Published: 00:01, 16 December 2018
| Updated: 11:13, 17 December 2018
Live reindeer will feature in Christmas festivities at Herne Bay pier, despite attempts by animal activists to stop the event from going ahead over welfare concerns.
The animals will appear at the seaside landmark today for the fourth year in a row following a decision by the pier trust on Friday, December 7.
It comes after trust members were contacted by welfare charity Animal Aid, urging them – and more than 150 other organisations across the country, including Leeds Castle and Sevenoaks District Council – not to book the animals this Christmas.
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It followed the release of footage last month which appeared to show a worker kicking a reindeer twice and shouting abuse at the animals at Kent Reindeer Centre in Capralama Farm in Bethersden.
The charity also said it had found sick-looking reindeer with raw, exposed skin, diarrhoea and skeletal abnormalities.
Doreen Stone, chairman of the pier trust, said: “The activists contacted a lot of people who’d had reindeer, including us.
“It took us weeks to come to this decision as we were worried about the impact it could have on our reputation.”
When the footage emerged, Animal Aid’s campaign manager, Tor Bailey, urged “the general public not to support events which feature live captive animals and find other more animal-friendly ways to enjoy the festive period”.
The Bethersden centre has since sacked the member of staff shown in the clip, but Ms Bailey says the charity still has its “concerns”.
“We do appreciate that the worker from Kent Reindeer Centre filmed kicking the reindeer calf on two separate occasions, swearing at the animals and slamming a gate shut on the reindeer, has since been dismissed,” she said.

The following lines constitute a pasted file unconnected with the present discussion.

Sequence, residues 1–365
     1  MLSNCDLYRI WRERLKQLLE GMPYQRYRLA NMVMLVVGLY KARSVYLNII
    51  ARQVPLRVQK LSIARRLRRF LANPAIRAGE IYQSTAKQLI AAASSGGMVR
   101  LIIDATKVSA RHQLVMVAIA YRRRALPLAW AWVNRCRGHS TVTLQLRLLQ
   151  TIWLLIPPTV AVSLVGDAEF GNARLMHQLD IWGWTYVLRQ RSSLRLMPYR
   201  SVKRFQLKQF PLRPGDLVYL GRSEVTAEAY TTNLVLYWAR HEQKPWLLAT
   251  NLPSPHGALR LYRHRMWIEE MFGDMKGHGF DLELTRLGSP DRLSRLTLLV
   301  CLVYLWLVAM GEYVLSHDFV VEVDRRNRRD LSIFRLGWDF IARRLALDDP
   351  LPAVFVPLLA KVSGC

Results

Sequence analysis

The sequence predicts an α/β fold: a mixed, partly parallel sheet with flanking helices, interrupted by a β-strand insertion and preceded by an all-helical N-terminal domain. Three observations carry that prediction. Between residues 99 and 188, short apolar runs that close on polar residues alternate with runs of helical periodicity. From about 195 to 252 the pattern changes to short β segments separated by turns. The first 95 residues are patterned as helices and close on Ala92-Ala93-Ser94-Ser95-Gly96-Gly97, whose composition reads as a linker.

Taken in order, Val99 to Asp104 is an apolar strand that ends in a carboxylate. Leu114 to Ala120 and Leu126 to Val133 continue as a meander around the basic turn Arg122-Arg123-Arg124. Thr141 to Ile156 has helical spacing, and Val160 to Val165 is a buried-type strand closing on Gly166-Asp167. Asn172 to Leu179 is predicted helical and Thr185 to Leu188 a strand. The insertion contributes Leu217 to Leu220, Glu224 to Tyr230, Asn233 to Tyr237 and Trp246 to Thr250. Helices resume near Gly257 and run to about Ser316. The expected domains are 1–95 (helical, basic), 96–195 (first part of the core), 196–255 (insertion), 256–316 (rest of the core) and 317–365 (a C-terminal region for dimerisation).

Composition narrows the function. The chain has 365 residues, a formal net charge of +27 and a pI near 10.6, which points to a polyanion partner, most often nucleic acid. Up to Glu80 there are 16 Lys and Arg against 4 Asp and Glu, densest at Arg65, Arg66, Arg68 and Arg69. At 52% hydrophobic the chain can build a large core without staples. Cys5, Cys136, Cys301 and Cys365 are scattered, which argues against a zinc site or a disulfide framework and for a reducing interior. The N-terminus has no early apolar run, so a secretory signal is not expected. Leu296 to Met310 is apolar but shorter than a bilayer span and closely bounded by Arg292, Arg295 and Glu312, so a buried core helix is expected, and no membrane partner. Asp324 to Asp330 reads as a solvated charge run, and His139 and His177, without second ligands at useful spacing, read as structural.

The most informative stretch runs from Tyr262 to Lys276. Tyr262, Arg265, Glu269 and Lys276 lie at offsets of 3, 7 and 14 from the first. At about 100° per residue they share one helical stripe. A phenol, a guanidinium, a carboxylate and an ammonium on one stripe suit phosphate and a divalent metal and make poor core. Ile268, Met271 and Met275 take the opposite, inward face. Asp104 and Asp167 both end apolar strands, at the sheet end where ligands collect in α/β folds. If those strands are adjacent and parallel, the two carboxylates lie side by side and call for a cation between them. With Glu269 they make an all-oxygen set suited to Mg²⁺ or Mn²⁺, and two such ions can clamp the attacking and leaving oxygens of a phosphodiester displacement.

“We would still have concerns about the welfare of the animals as, after all, management is ultimately culpable as this was allowed to happen.
“Another worker is seen simply looking on as one of the kicking incidents occurs for example.
“And what of the poorly looking reindeer on display, with raw looking exposed skin, those with diarrhoea, the underweight animal with fluid issuing from the eye and the reindeer with skeletal abnormalities?”
Ms Stone says she was alarmed by the reports and only decided to support booking the animals for this Sunday after an unannounced visit to the reindeer centre in Bethersden.
“I went down to see how the animals were kept a couple of weeks ago and I was very impressed,” she said.
“I was allowed to wander around on my own and I didn’t see anything that caused me to worry. They have plenty of room, are well fed and well kept and the people there seemed to love their animals.”
Trading Standards at Kent County Council said it had been told about issues at the centre, and attended but “found no particular concerns”.
All but one member of the pier trust’s committee backed the decision to book the reindeer for later today.
Ms Stone says three will be held in an enclosure for families to see for free from about 11am.
However, Ms Bailey says the charity is “disappointed” with the pier trust’s decision.
“Animal Aid has tried to engage with the Herne Bay Pier Trust and is disappointed that it has chosen to press ahead with the event despite this information,” she said.
“Animal Aid ultimately does not see the necessity of subjecting reindeer to captive displays.
“There are plenty more imaginative ways to spread Christmas cheer, without causing harm to live animals. Children don’t have to miss out on any of the fun.”
More by this authorJack Dyson